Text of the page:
Five Things Our COVID Puppy Taught Me About My Kids

Evamarie Augustine

Photo by Sneaky Elbow on Unsplash

Did you get a COVID puppy?

Along with many other Americans, we decided that adding another pug in the midst of a global pandemic was a good idea. Not that we hadn’t thought of it before. We had already discussed adding another pug to our two-pug, five-child household, but it never seemed like the right time. But with all seven of us at home, what could go wrong?

I was more reticent than the other members of the family. What about Pebbles and BamBam, our six-year-old bonded pug littermates? How would they acclimate to a new addition?

My oldest child, who is now 20, responded:

“Well, you obviously didn’t consider that when you had my four younger siblings.”


That conversation had me thinking. What did my children think when I brought home a new baby? And then another, and another, and another?

Similar to children under the age of three, explaining to a dog that a new puppy is coming home does not work. You can read them books, and show them pictures, but do they really understand that the world they live in is about to be plunged into mayhem?

Figuring I was better prepared, I searched the web for tips and tricks, trying to delude myself that I could actually prepare for the new addition. Playpen set up — check. Stocked up on puppy food — check. Plenty of love for older dogs — check. It was going to be a giant pug love fest!

Then we brought home little Milo, a particularly spunky platinum pug. Who was smaller than I remember my other puppies. Too small, in fact, for a leash, so introducing them in the backyard went out the window. We sat on the couch, Milo thrashed about, and Pebbles and BamBam ran away. So much for that Instagram worthy first meeting.

Pebbles and BamBam seemed curious in those first new-puppy days and then decided that a squirmy, loud, four-legged friend was not what they wanted. (Did my older children feel the same about their siblings, all new and plump, when they came home from the hospital? I have decided it’s in my best interest not to ask them this question). The pugs retreated to their hiding spots, leaving Milo on his own.

When I finally felt comfortable enough to let the pugs run around together, Milo would immediately run and try and bite them. The older dogs would quickly growl and snap. My first reaction was to yell at the older dogs.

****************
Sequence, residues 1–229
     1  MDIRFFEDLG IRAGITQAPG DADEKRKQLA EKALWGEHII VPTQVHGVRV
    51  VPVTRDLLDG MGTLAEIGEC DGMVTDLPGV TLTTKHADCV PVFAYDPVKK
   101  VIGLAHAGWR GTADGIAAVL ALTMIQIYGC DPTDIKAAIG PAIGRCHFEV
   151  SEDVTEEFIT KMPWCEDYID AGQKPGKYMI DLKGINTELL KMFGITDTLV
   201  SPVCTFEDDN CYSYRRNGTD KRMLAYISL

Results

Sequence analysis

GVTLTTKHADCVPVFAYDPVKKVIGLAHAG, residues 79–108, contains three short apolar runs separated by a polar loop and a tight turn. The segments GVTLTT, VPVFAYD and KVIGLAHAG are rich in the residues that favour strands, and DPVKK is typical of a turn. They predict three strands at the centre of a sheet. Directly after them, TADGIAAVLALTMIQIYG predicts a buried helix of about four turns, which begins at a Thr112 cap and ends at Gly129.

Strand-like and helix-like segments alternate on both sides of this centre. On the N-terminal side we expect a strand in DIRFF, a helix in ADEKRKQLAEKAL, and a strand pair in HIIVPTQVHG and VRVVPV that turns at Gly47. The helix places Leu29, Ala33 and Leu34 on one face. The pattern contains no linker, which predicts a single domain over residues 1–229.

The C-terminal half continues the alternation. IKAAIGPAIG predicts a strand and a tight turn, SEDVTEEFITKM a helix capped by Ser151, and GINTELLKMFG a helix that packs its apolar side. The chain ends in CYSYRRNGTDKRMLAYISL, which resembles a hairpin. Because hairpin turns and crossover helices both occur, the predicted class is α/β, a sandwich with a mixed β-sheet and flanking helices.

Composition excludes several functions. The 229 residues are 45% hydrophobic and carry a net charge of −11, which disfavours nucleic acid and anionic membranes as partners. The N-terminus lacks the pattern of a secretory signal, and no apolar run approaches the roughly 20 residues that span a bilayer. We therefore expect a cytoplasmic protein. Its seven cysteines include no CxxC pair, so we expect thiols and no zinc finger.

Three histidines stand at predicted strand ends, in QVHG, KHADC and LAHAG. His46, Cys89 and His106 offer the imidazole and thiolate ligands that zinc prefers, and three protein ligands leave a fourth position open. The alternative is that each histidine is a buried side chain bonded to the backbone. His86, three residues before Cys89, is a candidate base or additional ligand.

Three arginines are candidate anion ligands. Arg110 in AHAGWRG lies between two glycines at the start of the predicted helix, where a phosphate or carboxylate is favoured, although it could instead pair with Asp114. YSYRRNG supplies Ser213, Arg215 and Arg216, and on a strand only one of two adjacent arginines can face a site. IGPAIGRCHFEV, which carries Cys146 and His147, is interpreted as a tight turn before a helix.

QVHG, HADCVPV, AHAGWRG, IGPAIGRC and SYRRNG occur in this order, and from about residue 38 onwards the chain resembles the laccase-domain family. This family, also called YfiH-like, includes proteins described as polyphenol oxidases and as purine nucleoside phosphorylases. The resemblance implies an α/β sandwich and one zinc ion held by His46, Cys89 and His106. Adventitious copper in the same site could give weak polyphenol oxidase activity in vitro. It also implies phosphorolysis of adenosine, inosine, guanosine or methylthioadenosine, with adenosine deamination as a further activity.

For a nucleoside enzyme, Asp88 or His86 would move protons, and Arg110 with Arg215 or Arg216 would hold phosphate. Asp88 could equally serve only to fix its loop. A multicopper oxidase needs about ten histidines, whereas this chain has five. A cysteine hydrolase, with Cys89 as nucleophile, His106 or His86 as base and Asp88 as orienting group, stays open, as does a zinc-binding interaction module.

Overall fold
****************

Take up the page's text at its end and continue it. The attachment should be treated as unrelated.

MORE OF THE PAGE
Ah! But this is where my parenting skills should (hopefully) shine! Here’s what being a mom of five has taught me:

Lesson 1 — It takes time

The day I brought home Milo, my other pugs did not take to him.

The next week they continued to ignore him.

The week after, they barked when he came near them (some progress)?

As adults, we recognize that relationships can’t be rushed. So why would we expect our dogs (or our older kids) to immediately accept and adore their new sibling?

Instead of catastrophizing that the pugs would never get along and that it was a mistake, I let the older dogs get used to the puppy slowly and on their own time. Did I do this with my kids? Or was I guilty of “come love your new baby sister” on more than one occasion?

Lesson 2 - Positive reinforcement works better than punishing

Instead of yelling at the older dogs (as I may have done with my older kids) that they shouldn’t growl (or yell or hit), I removed Milo from the situation when it looked like it was getting out of control. In my experience, dogs, like children, don’t respond to yelling.

When I tried to socialize them again, I put Milo on a leash (ok, that’s not possible with kids). I was able to gently pull him back if he got too rough, and Pebbles could play with him without getting hurt. And I rewarded Pebbles for acting appropriately, which went a lot further than yelling and punishing her for reacting in a natural way when she was bit by the puppy. Similar to when older children get mad at younger siblings for taking their toys — instead of punishing the older child for their natural reaction, reward the child when they do share nicely. The positive results are amazing.